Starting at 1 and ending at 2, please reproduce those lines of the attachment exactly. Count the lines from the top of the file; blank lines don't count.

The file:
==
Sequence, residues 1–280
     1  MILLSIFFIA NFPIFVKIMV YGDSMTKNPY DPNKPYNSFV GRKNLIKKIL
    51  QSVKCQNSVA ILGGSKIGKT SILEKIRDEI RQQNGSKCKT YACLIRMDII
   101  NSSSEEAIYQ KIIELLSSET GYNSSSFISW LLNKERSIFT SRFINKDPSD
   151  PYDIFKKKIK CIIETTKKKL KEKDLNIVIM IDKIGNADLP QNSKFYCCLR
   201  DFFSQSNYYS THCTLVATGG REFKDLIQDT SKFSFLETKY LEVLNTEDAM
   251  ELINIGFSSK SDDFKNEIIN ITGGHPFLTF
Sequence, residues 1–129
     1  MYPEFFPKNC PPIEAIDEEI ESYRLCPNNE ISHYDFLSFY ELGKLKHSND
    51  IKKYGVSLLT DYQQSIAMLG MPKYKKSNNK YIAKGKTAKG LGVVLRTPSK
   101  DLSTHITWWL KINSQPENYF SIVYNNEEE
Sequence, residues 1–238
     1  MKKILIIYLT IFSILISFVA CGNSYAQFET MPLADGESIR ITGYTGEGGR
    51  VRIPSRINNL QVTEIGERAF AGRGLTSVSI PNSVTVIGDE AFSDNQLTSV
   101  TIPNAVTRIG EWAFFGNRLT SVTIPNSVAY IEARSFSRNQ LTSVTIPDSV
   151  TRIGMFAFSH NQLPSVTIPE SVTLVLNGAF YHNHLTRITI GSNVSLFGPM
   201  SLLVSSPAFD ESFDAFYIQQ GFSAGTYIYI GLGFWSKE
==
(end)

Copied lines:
Sequence, residues 1–280
     1  MILLSIFFIA NFPIFVKIMV YGDSMTKNPY DPNKPYNSFV GRKNLIKKIL